Writing coach and author Roy Peter Clark advises us to "learn the difference between reports and stories." When writing your life stories in particular, you want to bring the readers along with you, to transport them to another time and place so they can feel what it was like to be you.
Clark gives a succinct example:
Do you see the difference? The second example creates a vivid snapshot in the reader's mind.
You want your details to draw, with words, a mental picture for your reader. But it needs to be an interesting picture, or they will tune out. Sometimes using too much detail or the wrong kind can backfire, as in the following example.
The details this author chose to include are a little dry and don't tell us anything we really want to know about the house. Did its owners love it and feel at home there? What did they do for fun while in the home? What dreams did they dream within its walls?
Here's a different author writing about a childhood home.
This passage creates a much more vivid picture, and sheds some light on the home's inhabitants. We see (and even smell) what the home looked like, but we also can feel the free-spirited, loving nature of the environment.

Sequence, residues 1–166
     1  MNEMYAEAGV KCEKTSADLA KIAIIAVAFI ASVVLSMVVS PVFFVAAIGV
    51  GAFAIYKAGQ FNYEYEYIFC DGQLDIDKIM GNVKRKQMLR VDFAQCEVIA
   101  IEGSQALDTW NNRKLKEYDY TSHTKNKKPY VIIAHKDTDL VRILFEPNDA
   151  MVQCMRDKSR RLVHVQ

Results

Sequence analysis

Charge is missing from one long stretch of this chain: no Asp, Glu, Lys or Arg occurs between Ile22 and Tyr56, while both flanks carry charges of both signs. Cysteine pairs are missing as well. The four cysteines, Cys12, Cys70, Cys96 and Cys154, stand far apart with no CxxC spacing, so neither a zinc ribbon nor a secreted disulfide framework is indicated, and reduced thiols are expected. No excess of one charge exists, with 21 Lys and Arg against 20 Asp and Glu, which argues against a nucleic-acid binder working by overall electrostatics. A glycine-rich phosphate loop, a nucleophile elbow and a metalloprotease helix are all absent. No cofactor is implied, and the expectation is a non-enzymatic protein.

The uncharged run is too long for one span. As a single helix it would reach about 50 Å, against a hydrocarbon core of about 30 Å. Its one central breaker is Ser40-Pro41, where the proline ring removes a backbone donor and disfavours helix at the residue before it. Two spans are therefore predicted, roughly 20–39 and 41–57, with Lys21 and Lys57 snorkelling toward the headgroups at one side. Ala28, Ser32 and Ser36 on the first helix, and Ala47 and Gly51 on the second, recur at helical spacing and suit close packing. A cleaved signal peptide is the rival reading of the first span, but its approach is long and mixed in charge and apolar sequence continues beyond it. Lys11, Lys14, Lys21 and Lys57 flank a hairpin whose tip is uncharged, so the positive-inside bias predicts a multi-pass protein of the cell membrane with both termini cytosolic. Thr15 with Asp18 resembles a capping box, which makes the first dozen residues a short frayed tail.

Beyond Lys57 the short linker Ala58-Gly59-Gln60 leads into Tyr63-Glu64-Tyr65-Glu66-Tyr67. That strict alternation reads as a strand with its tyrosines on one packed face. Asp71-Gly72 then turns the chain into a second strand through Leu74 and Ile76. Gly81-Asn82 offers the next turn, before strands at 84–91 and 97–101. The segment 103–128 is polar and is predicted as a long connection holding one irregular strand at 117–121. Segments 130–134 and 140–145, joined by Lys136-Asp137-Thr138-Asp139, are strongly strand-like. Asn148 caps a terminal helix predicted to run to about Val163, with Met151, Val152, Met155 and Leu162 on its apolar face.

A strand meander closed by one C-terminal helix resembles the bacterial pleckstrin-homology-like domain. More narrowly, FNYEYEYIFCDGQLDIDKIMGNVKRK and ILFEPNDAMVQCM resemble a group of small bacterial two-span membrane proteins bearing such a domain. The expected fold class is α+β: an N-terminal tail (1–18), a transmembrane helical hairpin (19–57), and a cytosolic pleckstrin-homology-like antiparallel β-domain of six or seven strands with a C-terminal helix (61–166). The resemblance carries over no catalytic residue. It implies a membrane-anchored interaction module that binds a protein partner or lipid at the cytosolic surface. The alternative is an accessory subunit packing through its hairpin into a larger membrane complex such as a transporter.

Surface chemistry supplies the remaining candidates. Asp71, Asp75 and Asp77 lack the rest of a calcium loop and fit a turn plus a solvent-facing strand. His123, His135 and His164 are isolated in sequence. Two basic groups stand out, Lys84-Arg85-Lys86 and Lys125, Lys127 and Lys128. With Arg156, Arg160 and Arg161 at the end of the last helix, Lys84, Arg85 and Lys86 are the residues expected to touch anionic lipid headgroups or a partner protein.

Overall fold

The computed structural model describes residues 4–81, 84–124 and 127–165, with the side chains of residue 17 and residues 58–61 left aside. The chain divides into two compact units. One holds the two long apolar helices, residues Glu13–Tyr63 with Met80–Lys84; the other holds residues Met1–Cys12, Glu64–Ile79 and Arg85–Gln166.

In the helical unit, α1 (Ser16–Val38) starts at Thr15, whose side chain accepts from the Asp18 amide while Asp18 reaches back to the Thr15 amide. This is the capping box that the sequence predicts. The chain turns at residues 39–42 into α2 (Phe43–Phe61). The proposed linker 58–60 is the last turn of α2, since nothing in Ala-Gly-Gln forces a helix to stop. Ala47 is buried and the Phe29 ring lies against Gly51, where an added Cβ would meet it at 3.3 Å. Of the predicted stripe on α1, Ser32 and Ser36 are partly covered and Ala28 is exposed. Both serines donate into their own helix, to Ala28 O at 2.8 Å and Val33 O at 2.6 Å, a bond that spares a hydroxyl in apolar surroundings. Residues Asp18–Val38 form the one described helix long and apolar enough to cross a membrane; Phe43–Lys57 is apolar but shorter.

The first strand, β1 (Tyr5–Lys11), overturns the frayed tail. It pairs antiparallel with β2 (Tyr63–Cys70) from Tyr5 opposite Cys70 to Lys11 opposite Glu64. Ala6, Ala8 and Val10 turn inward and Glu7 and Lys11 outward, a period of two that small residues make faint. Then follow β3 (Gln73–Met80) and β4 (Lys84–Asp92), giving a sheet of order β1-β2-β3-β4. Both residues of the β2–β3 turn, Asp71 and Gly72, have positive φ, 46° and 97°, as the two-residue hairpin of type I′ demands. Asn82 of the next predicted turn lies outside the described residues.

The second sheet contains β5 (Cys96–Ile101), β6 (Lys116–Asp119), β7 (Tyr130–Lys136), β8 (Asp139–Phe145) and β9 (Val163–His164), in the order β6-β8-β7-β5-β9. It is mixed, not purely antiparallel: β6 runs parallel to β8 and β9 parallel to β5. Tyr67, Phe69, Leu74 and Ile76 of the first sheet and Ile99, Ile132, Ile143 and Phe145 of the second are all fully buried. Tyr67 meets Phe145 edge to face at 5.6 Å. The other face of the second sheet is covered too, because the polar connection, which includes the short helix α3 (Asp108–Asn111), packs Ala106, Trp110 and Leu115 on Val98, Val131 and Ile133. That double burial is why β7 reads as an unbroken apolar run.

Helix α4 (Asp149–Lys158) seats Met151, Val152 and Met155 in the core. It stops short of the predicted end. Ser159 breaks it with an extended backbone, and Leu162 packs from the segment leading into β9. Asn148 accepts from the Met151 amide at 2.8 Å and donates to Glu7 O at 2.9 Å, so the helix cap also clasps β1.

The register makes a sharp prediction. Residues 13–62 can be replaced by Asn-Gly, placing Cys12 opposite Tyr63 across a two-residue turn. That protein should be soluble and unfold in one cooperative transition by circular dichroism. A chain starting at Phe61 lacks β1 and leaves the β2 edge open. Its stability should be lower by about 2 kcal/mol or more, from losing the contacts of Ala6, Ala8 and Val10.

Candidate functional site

A clever author can weave important "report"-type information into a story, as in the following example (from familysearch.org):
Report: “I, Lindsey Mary Adams, was born on March 31, 1951, in London, England.”
Story: “My mother really didn’t want me to be born on April Fool’s Day, so she convinced her doctor to induce her labor in the morning of March 31. Things have changed a lot since 1951, but in those days it was almost unheard of in London, England, for a birth to be induced for the mother’s convenience. The young Scottish doctor was willing to be innovative, and I was born three hours before April Fool’s Day. The doctor was given the privilege of choosing my name, possibly as part of the inducement deal, and I was given the good Scottish name of Lindsey Mary to go along with my family name, Adams.”
The second example includes all the relevant genealogical data: name, birthplace, date, etc. But isn't it more entertaining to read?